So many people: so many interesting stories! Next I needed to to pick their brains, pry out their deepest secrets, find out how and why they do what they do! I had to interview them.

There are three main steps (or methods to my madness) in how I interview folks.

Before the interview

I first decide why I want to interview the person, what I hope to learn, what kind of story I want to write. (A lot of this will depend on where I hope to place or sell the story.) Will it be informative, inspiring, promotional, or...simply someone I personally want to know more about. (Having my own News & Reviews website, helps with that last one.)

I contact the person (on the spot or by phone) and set up a time and date. I let them know who I am, who I write for, and the general topic I want to cover.

Then I do a little research on the person or their specialty, occupation or craft. From my "research" I make a list of questions I want to ask.

I make sure I have a notebook, pens, MY CAMERA, and a tape recorder if it's going to be a fact-heavy interview. (Fresh or recharged batteries are a given, of course)

During the Interview


I try to establish a conversational mood by commenting or complimenting (depending on where we meet) on our surroundings. I thank them for letting me interview them, tell them what I hope to write about, and get a bit of basic info from them (correct spelling of name, title if any, etc.)

Then I pick up my notebook and pen, turn on the recorder if using it, and dig right in with the first (and easiest) questions. I never stick strictly to my written questions. If something more interesting (or tantalizing) comes up in their answers, I will follow it like a vein of silver in a Colorado mine. And – confession-time here – sometimes I will ask a question I have no intention of using in my story, just because I want to know.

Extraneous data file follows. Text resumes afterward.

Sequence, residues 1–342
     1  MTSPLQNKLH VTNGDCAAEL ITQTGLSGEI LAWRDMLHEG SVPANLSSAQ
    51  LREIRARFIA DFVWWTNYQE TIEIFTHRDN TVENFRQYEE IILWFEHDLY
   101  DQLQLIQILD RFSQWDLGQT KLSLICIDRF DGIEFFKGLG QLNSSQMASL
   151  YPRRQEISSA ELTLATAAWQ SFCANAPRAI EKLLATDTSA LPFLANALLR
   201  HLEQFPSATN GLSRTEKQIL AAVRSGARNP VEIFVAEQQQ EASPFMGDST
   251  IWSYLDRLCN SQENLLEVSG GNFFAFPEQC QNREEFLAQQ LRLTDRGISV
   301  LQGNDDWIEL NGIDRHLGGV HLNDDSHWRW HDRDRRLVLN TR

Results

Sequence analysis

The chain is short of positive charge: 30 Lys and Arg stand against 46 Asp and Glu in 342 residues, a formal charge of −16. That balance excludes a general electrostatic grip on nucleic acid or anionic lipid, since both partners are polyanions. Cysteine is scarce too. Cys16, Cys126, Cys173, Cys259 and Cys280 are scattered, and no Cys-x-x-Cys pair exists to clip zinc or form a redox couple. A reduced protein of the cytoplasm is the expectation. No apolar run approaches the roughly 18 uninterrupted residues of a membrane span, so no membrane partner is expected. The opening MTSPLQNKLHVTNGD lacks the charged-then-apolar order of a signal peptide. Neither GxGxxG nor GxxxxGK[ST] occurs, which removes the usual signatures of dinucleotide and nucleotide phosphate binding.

I mostly listen and add questions as promptings to keep them talking. I smile and encourage them with nods or soft, sympathetic sounds. I haven't mastered the "silence strategy" yet, but I'm told that if you can simply remain silent, your subject will begin to fill it with more info. It's usually too uncomfortable for me to do that.

I take "off the record" seriously and will never write something I'm asked not to. That doesn't mean I don't want to hear it, however. Secret confessions sometimes help me to understand where the person is coming from. I'll take notes, and I might use the revelation to shade or slant the story, but not even that, if it is too sensitive.

If I get behind on my note taking, I ask them to repeat, slow down, or clarify what they said, especially if I plan to quote it in the story. (Quotes must be 100% accurate!) If they are showing me objects they've collected or made, I will ask if I can photograph them. Always at the end of the interview I will get several shots of them with something meaningful to the story. (Projects, pets, creations, gardens, workplace, etc.)

When the interview is winding down, I quickly look over my questions to see if I got everything I need, then I'll ask if they want to tell me anything I didn't ask about. (Great stuff sometimes comes out this way.)

I thank them, give them my card with contact info, and offer to send them a hard copy of the finished story (or the link, if it appears in an online magazine).

After the Interview


I review my notes (it's easier to decipher my scribbling if I do this right away), underlining key words and looking for a really cool approach to the story. I also try to come up with a good strong opening statement – whether it's dramatic, provocative, humorous, or teasing. What I want is something that will suck in the reader. Wait, that's called a "hook" right?

I also look for facts that I might need clarified or explained. If I find any, I'll do a brief call-back by phone.

And, the rule is to never show the interviewee the piece before it is published. But on occasion, under special circumstances, I have been known to do that.

(I'm such a softie!)

Next time: How I Edit or "Weight-watching for Writers"

Monday, June 7, 2010

Interview with Pamela Samuels-Young

There is a very exciting workshop coming up in July! In conjunction with Sisters in Crime Los Angeles, author/attorney Pamela Samuels-Young will present a "The Business of Books: Everything You Need to Know About Self-Publishing...And Then Some."

The details follow, and we've also re-posted our interview with Pamela so you can get reacquainted with this fabulous writer!

Date:July 17, 2010

Time: 10 a.m. - 2 p.m.

Place: Hill Avenue Grace Lutheran Church, 73 N. Hill Avenue, Pasadena.